The University of California Board of Regents appointed UC Merced graduate student Josiah Beharry as the 2024-25 student regent this July. Beharry, who will be the first student regent from UC Merced, spoke with the Nexus about the significance of his appointment.
The student regent is a voting member of the UC Board of Regents, serving a one-year term and participating in all deliberations. The 2023-24 Student Regent is UCLA graduate student Merhawi Tesfai, and Beharry will serve as student-regent designate for this year before officially entering the role next year — participating in all deliberations, but without a vote.
Beharry graduated with a bachelor’s degree in critical race and ethnic studies and a minor in writing from UC Merced, and is currently a doctoral student in interdisciplinary humanities at the institution. He said he was inspired to apply for the student regent position to represent the Central Valley and advocate for students.
“I really felt that there was a voice that needed to come from UC Merced and needed to be represented in this long lineage of voices that had already been heard,” Beharry said.
As a first-generation student and DACA recipient, and the first Student Regent to publicly hold that status, Beharry is championing the Opportunity for All campaign that advocates for undocumented students to be hired at UC campuses.
A working group for the campaign was created in May after Regents’ approval, and Beharry said he has been meeting with students and student leaders to gauge their needs and bring their perspectives to the table. He said the Regents’ goal is to implement a plan by November for students to work on campus.
“We’re working with legal teams right now, having meetings about understanding how it affects students and what students need from this…but also [discussing] other services that undocumented students need in terms of mental health, housing, health care and other resources,” Beharry said.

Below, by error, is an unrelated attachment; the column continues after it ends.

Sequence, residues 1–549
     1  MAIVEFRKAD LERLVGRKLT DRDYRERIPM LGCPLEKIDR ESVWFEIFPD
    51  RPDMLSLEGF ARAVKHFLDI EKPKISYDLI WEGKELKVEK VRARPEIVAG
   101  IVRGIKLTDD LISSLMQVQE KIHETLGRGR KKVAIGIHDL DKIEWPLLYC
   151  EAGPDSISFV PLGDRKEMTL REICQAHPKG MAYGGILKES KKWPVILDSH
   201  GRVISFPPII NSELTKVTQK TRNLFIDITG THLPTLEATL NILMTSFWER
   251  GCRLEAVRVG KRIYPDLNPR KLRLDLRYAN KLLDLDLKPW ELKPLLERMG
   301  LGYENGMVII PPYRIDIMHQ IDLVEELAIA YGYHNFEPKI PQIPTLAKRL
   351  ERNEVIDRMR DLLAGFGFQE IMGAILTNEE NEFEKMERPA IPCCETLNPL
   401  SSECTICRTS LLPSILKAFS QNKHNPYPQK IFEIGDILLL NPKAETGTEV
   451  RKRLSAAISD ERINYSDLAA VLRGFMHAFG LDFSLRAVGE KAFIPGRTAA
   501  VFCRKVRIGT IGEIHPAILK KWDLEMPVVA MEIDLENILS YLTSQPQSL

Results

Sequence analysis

Beharry has just entered the Regent-designate position and attended two Regents meetings so far, but said he’s beginning conversations on issues he is passionate about such as mental health resources, public transportation, affordable housing, restorative justice practices and more.
“Having those conversations already within the month or so is pivotal for me because this starts the initial stages of the work that I’m going to be doing for the next two years,” Beharry said.
At UC Merced, Beharry helped develop the Gateway Scholars program to provide high school students with college-readiness advising, and said a “passion project” of his is to create a K-12 school to college pipeline.
“You see a lot of kids [and] especially kids of color ending up in the prison system and I want them to end up in college because, like [for] myself, college was the great equalizer,” Beharry said. “It was a place that I was able to grow but also the place where I was able to gain equity and gain capital in this world and that’s what we want for our kids.”
Speaking to mental health resources specifically, Beharry said he wants to see higher staffing and better training for Counseling and Psychological Services (C.A.P.S.) across UC campuses. Having taken off a semester during his undergraduate education himself for mental health reasons, he emphasized the need for access to such resources.
“It’s a three layer thing. It’s training our staff more, it’s more funding for our C.A.P.S. and mental health services on campus and it’s also reaching out to our students to see what they need,” Beharry said.
Student outreach will be key during Beharry’s term, he said, as he is already speaking with student government representatives across UC campuses, and said he strives to serve as a voice for all students.
“At the end of the day, it’s not about me, it’s about all the communities and the people who are behind me and who I’ve come in with,” Beharry said. “When I sit at that table, it’s not Josiah sitting at the table, it’s all of [the students] speaking up and having [their] voices heard and having an opinion on the issues that directly impact [them].”